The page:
In the late 1950s and early 1960s, he was involved in an academic disagreement with C. Wright Mills over the nature of politics in the United States. Mills held that America's governments are in the grasp of a unitary and demographically narrow power elite. Dahl responded that there are many different elites involved, who have to work both in contention and in compromise with one another. If this is not democracy in a populist sense, Dahl contended, it is at least polyarchy (or pluralism). In perhaps his best known work, Who Governs? (1961), he examines the power structures (both formal and informal) in the city of New Haven, Connecticut, as a case study, and finds that it supports this view.[11]

From the late 1960s onwards, his conclusions were challenged by scholars such as G. William Domhoff and Charles E. Lindblom (a friend and colleague of Dahl).[12][13]

Writing on power and influence[edit]

One of his many contributions is his explication of the varieties of power, which he defines as A getting B to do what A wants. Dahl prefers the more neutral "influence terms" (Michael G. Roskin), which he arrayed on a scale from best to worst:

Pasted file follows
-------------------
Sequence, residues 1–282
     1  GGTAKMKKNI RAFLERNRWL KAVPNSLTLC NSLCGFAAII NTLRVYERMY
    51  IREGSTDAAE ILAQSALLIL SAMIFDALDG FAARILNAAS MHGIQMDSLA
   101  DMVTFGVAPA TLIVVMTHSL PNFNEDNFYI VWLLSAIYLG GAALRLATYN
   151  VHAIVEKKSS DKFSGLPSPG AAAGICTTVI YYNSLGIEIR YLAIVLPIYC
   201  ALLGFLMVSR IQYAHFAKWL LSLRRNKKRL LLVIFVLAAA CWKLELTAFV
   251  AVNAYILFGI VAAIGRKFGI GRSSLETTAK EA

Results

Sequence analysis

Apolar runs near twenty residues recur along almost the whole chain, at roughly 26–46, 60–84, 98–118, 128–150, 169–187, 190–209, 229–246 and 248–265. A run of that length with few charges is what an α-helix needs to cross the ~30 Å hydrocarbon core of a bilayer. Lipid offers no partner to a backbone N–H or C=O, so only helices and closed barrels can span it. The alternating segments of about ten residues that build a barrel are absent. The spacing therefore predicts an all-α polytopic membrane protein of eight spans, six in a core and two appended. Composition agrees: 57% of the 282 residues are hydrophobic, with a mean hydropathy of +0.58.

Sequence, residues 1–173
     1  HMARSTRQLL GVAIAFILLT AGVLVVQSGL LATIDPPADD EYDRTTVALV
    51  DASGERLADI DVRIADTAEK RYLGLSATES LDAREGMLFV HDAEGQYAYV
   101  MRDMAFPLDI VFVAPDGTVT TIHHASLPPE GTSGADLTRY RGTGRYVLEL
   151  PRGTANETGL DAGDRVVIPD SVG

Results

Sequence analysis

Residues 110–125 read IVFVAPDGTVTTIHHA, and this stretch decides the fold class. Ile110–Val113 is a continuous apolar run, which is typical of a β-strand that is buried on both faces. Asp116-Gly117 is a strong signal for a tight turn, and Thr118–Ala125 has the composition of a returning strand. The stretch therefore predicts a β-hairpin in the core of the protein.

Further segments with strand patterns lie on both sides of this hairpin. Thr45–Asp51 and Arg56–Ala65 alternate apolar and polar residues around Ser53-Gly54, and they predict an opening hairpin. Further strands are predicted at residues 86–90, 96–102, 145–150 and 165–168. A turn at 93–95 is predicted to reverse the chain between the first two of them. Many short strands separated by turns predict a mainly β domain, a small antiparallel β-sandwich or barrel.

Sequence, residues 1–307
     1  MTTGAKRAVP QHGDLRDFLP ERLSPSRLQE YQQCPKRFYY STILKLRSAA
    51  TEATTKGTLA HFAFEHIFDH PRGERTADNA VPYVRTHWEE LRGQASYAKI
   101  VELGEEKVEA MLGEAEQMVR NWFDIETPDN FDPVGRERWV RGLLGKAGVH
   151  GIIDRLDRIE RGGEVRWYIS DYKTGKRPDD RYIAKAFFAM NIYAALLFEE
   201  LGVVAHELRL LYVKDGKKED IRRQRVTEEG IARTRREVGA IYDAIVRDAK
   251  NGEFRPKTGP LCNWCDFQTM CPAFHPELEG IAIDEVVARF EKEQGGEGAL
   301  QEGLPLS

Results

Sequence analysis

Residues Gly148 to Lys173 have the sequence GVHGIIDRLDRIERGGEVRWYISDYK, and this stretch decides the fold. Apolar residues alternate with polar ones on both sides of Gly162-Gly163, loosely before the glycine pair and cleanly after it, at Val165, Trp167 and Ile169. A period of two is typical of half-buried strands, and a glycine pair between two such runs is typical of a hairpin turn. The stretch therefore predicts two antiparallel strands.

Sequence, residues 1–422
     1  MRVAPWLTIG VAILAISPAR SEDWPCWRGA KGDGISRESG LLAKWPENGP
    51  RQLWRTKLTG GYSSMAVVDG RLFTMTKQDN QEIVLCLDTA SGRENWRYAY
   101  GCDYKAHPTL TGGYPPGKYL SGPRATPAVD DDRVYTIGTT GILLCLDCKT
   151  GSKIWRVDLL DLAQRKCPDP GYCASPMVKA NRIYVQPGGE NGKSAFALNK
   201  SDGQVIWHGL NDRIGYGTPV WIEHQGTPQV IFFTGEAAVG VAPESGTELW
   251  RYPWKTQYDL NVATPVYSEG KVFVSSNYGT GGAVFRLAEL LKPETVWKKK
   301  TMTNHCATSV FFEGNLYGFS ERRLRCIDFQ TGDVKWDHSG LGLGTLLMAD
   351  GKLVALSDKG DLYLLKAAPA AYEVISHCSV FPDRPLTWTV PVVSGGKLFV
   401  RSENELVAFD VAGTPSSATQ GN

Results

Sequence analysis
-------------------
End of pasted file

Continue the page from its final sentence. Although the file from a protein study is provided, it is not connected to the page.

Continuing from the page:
1. Rational Persuasion, the nicest form of influence, means telling the truth and explaining why someone should do something, like a doctor convincing a patient to stop smoking.
  2. Manipulative persuasion, a notch lower, means lying or misleading to get someone to do something.
  3. Inducement, still lower, means offering rewards or punishments to get someone to do something, like bribery.
  4. Power threatens severe punishment, such as jail or loss of a job.
  5. Coercion is power with no way out.
  6. Physical force is backing up coercion with use or threat of bodily harm.